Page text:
Career choices, work patterns and perceptions of undergraduate education of McMaster medical graduates: comparison between men and women.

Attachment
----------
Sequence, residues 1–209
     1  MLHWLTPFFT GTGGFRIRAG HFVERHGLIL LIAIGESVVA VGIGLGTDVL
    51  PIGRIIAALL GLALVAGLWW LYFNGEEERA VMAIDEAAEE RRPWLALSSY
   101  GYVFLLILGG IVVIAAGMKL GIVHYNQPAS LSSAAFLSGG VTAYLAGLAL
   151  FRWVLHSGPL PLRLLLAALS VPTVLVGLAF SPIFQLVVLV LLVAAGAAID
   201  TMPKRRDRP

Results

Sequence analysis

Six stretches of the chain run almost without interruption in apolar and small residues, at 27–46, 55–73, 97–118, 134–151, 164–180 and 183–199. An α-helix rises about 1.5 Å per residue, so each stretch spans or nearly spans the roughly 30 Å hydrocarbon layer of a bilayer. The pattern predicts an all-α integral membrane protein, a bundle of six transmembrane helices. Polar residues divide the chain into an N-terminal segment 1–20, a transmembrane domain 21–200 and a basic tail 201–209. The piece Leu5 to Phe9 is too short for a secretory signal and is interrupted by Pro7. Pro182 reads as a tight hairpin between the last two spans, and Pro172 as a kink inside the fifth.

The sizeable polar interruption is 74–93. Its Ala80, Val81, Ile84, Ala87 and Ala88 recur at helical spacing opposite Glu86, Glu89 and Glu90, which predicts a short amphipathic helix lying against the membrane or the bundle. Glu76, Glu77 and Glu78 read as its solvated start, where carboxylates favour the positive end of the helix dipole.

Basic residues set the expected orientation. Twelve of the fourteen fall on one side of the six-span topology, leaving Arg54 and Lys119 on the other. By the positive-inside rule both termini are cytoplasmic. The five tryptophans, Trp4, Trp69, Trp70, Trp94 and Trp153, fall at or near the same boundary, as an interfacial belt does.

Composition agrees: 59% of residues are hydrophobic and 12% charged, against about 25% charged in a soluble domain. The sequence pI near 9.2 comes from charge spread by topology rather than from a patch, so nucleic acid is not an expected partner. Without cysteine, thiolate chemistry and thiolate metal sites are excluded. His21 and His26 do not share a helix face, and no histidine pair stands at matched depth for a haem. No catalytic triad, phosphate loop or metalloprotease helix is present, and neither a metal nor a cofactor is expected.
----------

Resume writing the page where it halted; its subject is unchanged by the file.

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A survey of the first six classes to graduate from McMaster University's medical school was carried out 5 years after graduation for the classes of 1972 to 1974 and 2 years after graduation for the classes of 1975 to 1977. Although the men and women entered similar fields of medicine the women were more likely to have taken time away from work and to be working fewer hours, and more women than men were influenced by their spouses in their career choices. More women than men expressed some dissatisfaction with the 3-year undergraduate program, and more women identified the "anxiety level created" as a weakness of the program. The women compared their preparation for the first year of postgraduate training with that of other trainees somewhat less favourably than did the men.
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